I would also like to congratulate all of the members who returned to this House. It is an honour for them to represent the ridings that they come from.

As well, I would like to thank the electors in Nanaimo—Alberni for returning me for the fifth time to this 41st Parliament.

I would be remiss if I did not recognize my campaign manager and campaign team who worked diligently and my EDA board.

At our recent policy convention there were five resolutions from Nanaimo—Alberni brought up for discussion and two that actually passed into policy. There were very enthusiastic supporters from Nanaimo—Alberni. I thank them all for their participation in the process.

One thing that we heard from the caucus members, cabinet ministers and party activists at the convention that we took to heart is that we all have an obligation to engage our neighbours, to listen, to take the pulse of our communities and to stay in tune with what is happening in our communities. We are facing unprecedented change, not only in Canada but around the world and it will be incumbent upon all of us to ensure that we stay in tune with how these impacts are affecting our communities. I thank all of those folks who were responsible for that.

One other person I must thank is my wife of some 20 years now. These last 11 years in Parliament have been a big challenge for someone from the west coast who is travelling back and forth. We are away a lot from the island of paradise that we live on. Helen has stood by me faithfully all of the years I have been in Parliament. All members would know the level of stress that the commitment to our job can put on our families. I thank Helen for standing with me, for without her it would not have been possible.

This budget was well received on March 23. In fact, it was so well received that the finance minister thought he would introduce it again and on June 6 that is what he did.

There are many measures in the budget that we can discuss and that have been discussed today. There will be more to discuss as the debate continues.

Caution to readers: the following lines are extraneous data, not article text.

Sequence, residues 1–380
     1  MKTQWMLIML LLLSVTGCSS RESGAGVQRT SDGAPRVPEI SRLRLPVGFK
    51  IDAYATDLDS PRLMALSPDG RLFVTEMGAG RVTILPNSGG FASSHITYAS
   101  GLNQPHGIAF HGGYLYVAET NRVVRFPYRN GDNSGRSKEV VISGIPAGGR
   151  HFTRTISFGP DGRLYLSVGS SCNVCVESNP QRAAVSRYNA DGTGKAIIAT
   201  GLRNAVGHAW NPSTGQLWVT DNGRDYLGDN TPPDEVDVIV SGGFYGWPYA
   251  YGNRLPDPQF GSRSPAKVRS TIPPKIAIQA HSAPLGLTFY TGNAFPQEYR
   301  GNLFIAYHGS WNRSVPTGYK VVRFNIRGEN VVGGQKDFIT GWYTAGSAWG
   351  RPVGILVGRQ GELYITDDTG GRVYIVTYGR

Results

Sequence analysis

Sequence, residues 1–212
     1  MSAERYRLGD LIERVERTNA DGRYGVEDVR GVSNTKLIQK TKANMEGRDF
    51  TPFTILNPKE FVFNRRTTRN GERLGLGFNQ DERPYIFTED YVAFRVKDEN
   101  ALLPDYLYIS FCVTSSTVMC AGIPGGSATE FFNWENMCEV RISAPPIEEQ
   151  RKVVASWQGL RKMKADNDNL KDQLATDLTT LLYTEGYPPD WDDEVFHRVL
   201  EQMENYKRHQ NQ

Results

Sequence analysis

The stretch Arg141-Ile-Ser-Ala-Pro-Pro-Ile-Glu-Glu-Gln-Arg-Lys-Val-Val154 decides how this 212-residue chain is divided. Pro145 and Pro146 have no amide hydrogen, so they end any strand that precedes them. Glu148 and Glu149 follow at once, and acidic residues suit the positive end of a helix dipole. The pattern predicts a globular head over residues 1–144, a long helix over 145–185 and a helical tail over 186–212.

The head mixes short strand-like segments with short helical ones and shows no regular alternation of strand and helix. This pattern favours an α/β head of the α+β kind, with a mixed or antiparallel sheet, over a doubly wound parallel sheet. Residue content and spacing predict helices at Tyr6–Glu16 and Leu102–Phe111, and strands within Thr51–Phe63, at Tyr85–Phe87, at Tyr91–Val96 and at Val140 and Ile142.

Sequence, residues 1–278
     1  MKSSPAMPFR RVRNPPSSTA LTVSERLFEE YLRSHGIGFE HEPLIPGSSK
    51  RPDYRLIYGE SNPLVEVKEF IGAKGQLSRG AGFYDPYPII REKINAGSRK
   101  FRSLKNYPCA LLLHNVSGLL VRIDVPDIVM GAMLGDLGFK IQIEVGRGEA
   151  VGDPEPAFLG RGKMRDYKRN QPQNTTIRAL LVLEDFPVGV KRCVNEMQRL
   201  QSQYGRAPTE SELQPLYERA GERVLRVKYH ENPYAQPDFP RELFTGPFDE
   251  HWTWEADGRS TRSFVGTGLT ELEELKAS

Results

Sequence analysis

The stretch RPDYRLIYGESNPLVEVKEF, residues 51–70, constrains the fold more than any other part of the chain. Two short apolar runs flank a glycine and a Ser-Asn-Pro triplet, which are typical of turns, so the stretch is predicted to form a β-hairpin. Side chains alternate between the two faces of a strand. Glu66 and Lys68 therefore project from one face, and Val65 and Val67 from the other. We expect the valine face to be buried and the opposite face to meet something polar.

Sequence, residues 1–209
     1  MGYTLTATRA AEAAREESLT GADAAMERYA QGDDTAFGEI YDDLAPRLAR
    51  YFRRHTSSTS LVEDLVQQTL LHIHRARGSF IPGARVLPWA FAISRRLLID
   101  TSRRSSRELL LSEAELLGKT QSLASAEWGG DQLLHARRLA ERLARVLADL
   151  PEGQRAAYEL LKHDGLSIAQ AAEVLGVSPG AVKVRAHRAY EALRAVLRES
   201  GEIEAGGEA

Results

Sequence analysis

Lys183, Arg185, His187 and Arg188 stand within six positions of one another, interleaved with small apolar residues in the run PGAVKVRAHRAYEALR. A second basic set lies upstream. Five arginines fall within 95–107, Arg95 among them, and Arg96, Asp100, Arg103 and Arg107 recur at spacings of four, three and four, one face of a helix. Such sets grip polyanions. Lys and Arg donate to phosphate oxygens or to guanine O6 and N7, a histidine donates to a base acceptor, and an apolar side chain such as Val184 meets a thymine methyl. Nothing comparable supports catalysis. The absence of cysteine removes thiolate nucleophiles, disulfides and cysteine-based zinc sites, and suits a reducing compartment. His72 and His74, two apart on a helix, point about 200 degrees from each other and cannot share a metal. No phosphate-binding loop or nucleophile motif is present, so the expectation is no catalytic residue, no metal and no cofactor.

One of the measures I want to highlight is the one involving seniors. Since coming to Parliament we have reduced the tax burden on seniors significantly. Over $2.3 billion has been given in annual tax relief since 2006 with the various measures that we have introduced taking some 85,000 seniors off the tax rolls. That includes pension income splitting, increasing the age credit amount by $1,000 twice for a total of $2,000 and doubling the pension income credit to $2,000. All of these measures together, along with increasing the guaranteed income supplement, are extremely important in lowering the tax burden on seniors.

I have heard some members say that the $600 a year for singles and the $840 for a married couple of the lowest income seniors amounts to nothing. I think they are remiss in not reflecting on the cumulative effect in shifting the tax burden away from seniors and doing our best to help our most vulnerable seniors.

There are many measures in the budget: a new children's arts tax credit of up to $500, a new family caregiver tax credit, a volunteer firefighters tax credit and extending the eco-energy retrofit. All of these are important for our communities. All of these benefit our communities. In some sectors of the community it takes the burden off people who contribute in a big way, like our volunteers firefighters.

I want to turn the children's fitness tax credit which was introduced earlier. It is only a $500 measure to help encourage people to engage their children in physical fitness. Many experts are concerned about the declining health of Canadians and we have to start with the children. It is a small measure, but it is a good measure. As we get to balanced budgets in the next few years, reducing that deficit year by year, we have a plan that is working. We will extend that measure, doubling it for children and extending it to adults as well.